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How to help your partner with depression long distance

No one teaches us how to navigate a relationship when mental illness or depression enters the equation. I recently read a Washington Post article by a woman whose relationship was torn apart while she and her partner tried to deal with his depression. Last year when I plunged into a depressive episode during our relationship, my partner was at a loss. He had never dealt with this and wanted so badly to help, but had no idea what to do.

SEE VIDEO BY TOPIC: Dr. Denney - Male Depression

SEE VIDEO BY TOPIC: 6 Tips on Maintaining Long Distance Relationships

How to Cope with Long Distance Relationship Depression

Editor's Note: Every Monday, Lori Gottlieb answers questions from readers about their problems, big and small. Have a question? Email her at dear. My boyfriend and I are in our early 20s, and we recently moved in together after being in a long-distance relationship for four years. I can barely get a normal conversation. I feel so alone. He is trying to get help, but he refuses to go on any medications or stick with a plan to get better for very long.

I am so scared that this is going to always be his life—a constant roller-coaster ride controlled by depression. I want so much more for him, and for us. When he is not in the throes of depression, my boyfriend is hilarious, loving, and really fun. I feel like I may have taken that away from him by moving him away from his home. For four years, we lived only an hour or two apart; then I got a job out of state, and he was so supportive of the idea that he told me I had to go, and even decided to come with me—leaving his family, friends, and comfort zone behind.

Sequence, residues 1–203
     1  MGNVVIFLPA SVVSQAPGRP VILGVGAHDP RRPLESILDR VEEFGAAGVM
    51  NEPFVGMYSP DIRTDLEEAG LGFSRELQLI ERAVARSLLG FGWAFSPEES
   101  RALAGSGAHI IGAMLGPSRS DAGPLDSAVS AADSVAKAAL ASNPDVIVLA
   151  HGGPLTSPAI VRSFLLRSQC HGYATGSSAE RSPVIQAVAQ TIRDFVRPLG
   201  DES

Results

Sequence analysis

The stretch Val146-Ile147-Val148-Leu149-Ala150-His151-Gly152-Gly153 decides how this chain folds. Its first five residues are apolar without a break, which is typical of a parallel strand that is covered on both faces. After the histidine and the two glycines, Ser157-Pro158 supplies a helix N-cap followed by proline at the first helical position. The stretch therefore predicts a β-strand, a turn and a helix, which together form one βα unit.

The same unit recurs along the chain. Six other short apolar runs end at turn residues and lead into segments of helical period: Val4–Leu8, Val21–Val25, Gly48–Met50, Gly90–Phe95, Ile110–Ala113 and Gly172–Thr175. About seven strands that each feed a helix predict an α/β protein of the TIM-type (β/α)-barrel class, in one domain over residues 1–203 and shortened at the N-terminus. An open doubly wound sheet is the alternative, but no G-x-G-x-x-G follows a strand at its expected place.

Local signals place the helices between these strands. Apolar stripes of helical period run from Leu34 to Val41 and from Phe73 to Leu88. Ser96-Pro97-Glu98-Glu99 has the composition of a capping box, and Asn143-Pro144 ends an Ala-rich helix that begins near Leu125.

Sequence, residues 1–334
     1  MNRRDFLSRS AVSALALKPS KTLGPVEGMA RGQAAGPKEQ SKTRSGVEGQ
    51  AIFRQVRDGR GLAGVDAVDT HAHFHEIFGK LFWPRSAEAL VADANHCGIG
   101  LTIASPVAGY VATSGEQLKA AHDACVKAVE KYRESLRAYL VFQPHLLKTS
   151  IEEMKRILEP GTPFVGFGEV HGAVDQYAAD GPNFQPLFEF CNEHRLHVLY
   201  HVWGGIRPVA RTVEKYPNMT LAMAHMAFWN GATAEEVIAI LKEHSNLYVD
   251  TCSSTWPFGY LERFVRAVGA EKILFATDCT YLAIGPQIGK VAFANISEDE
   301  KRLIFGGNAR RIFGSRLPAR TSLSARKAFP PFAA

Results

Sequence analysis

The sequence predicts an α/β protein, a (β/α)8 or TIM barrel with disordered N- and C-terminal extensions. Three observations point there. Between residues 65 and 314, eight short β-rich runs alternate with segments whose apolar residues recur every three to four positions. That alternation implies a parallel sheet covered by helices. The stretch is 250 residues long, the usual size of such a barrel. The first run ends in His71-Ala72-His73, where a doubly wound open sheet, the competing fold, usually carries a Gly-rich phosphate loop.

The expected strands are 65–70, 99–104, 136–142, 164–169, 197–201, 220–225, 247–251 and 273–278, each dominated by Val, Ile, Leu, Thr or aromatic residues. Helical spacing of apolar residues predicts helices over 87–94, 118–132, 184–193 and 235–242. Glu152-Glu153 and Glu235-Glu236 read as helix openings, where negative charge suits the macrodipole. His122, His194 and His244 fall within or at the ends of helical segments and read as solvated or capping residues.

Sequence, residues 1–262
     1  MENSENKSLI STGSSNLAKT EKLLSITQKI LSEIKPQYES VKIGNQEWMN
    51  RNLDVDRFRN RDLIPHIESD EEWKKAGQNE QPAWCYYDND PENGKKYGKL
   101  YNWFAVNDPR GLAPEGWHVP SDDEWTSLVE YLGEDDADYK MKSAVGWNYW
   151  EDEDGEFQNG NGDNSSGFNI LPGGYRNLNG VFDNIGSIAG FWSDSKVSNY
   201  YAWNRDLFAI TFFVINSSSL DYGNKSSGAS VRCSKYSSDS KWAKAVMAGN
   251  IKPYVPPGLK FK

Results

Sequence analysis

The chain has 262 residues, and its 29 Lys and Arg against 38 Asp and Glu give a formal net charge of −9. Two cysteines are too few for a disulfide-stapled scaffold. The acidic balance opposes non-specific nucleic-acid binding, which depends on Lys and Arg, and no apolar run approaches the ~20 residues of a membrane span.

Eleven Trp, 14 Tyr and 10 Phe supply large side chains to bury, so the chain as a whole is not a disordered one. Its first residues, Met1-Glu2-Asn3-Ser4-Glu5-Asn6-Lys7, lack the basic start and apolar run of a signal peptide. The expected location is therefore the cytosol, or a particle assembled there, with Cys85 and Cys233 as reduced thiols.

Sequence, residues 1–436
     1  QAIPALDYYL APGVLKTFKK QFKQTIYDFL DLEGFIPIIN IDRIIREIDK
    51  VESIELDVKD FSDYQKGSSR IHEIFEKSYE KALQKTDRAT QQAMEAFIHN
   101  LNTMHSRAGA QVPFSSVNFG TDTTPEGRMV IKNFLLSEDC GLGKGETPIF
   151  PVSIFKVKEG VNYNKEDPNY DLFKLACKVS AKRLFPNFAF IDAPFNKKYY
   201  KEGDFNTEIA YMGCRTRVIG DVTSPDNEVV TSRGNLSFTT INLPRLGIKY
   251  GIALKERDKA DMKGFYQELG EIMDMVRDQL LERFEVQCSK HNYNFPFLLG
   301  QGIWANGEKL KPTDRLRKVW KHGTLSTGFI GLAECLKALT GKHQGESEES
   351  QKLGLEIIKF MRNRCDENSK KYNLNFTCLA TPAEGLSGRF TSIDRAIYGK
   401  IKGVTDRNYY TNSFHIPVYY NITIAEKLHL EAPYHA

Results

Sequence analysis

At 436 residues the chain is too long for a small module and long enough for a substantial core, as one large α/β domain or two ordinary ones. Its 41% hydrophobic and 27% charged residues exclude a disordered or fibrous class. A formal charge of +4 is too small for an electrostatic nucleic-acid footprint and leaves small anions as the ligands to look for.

I am torn between wanting to go home to make him happy and being worried that I might resent him for making me leave these opportunities behind. I need my boyfriend back.

Help me, please. He might not, for instance, be willing to live in Florida indefinitely. Knowing that depression is something that might recur will be important to keep in mind as you see what can be done to help your boyfriend now. Depression, like many other medical conditions, can certainly be managed, but it will nevertheless be something that your boyfriend lives with—which means his depression will be something that you will at times live with too.

Medications for depression can be quite effective, but they also often involve some trial and error and require time to take effect, and the side effects can be unpleasant. Many people simply give up, thinking that nothing will work. Another option is to see a couples therapist to get help figuring out how to work together as a team not just when your boyfriend gets depressed, but also when dealing with whatever other issues are going on in your relationship—such as the transition to living together and the move to a city where your boyfriend is away from his support system.